What to Do if a Dealership Doesn’t Honor the Internet Price, and Other Safe Steps to Take When Buying a Used Car

Buying a car is one of the biggest purchases you'll make, so you don't want to pay any more than you have to.

One man said an Orange County dealership didn't honor the advertised price, and an expert says that's all too common.

"Our family is expanding. We had a newborn baby. And we need more space," Alex Tonisson said.

Tonisson bought a 2018 Chrysler Pacifica at McPeek's Dodge in Anaheim.

"It was the right color, had all the features. It had low mileage. Still under bumper to bumper warranty. It was certified preowned," he said.

And the best part -- the price.

McPeek's advertised the car on Carfax for just under $27,000.

"The price was very low for the blue book value. It was a really good deal," he said.

But McPeek's charged him $1,500 more. He says he argued with the dealer, but staff wouldn't budge.

"I thought, this is a dealership, taking advantage of the fact that they knew we had driven as a family of four on a Sunday afternoon over an hour in traffic and that we needed a car. And they saw it as an opportunity to use it as leverage to get us to pay more than what they advertised online," he said.

John Van Alst of the National Consumer Law Center said tactics like this are common in the used car business.

"They want you to feel in a position that all that time would have been wasted if you walk away," Van Alst said.

Van alst points out: California state law doesn't allow dealers to sell cars for more than the advertised price.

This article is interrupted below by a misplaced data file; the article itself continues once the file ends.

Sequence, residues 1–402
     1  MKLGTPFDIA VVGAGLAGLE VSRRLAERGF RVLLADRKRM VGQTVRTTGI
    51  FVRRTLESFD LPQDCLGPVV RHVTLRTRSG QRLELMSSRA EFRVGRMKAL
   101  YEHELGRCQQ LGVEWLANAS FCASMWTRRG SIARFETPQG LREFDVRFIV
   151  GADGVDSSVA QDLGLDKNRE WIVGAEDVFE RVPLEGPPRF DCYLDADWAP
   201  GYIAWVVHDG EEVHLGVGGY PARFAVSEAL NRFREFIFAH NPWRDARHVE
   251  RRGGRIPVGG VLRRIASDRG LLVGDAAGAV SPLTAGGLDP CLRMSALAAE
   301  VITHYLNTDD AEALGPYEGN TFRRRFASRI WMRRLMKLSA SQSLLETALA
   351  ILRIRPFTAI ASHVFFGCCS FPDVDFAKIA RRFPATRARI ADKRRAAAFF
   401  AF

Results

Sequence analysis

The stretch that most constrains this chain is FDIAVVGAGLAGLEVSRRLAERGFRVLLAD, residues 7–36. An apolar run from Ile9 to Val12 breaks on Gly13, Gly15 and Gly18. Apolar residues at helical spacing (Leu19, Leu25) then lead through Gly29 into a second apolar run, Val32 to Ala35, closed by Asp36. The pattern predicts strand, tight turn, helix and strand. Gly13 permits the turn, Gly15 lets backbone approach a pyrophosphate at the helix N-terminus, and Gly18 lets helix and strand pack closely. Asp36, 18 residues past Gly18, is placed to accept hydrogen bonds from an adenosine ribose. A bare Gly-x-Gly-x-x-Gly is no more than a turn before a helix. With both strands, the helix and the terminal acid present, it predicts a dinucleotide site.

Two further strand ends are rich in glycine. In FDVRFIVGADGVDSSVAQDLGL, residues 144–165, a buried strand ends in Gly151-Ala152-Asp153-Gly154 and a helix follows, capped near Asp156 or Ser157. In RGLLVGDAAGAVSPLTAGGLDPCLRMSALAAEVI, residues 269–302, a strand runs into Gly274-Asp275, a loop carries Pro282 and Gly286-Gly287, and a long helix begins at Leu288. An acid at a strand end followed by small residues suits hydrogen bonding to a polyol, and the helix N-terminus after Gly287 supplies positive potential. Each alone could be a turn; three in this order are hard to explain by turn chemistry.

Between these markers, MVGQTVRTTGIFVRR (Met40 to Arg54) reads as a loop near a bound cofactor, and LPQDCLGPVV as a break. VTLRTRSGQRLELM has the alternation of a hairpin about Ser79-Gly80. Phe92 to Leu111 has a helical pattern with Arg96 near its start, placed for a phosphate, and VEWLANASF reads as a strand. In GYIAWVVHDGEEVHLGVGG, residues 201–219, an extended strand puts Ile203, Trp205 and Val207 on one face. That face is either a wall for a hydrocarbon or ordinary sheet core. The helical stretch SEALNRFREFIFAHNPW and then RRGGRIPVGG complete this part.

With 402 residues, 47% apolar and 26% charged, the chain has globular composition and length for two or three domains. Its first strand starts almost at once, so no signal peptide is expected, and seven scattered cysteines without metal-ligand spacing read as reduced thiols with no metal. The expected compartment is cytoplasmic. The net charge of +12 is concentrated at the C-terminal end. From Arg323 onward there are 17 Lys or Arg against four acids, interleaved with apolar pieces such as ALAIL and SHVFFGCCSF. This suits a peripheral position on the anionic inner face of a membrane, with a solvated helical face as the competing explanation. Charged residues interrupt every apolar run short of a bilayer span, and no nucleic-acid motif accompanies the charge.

The Federal Trade Commission has cracked down on the problem too.

But it still happens, and when it does, Van Alst says consumers should walk away.

"If they've already changed the price on the car, you can't trust anything else this dealer's going to tell you," he said.

The I-Team reached out to McPeek's. It said it charged Tonisson the wrong price because its system wasn't updated with the new price. It cut Tonisson a check for the amount he was overcharged.

"I was really happy to get that money back. And having your support made a huge difference," Tonisson said.

The National Consumer Law Center has some more advice when buying a used car:

  • Check to make sure there are no open safety recalls on the car. You can do that at safercar.gov.
  • Have an independent mechanic inspect the car to be sure nothing is wrong with it.
  • Try financing the car through your own bank or credit union. You might get a better interest rate.
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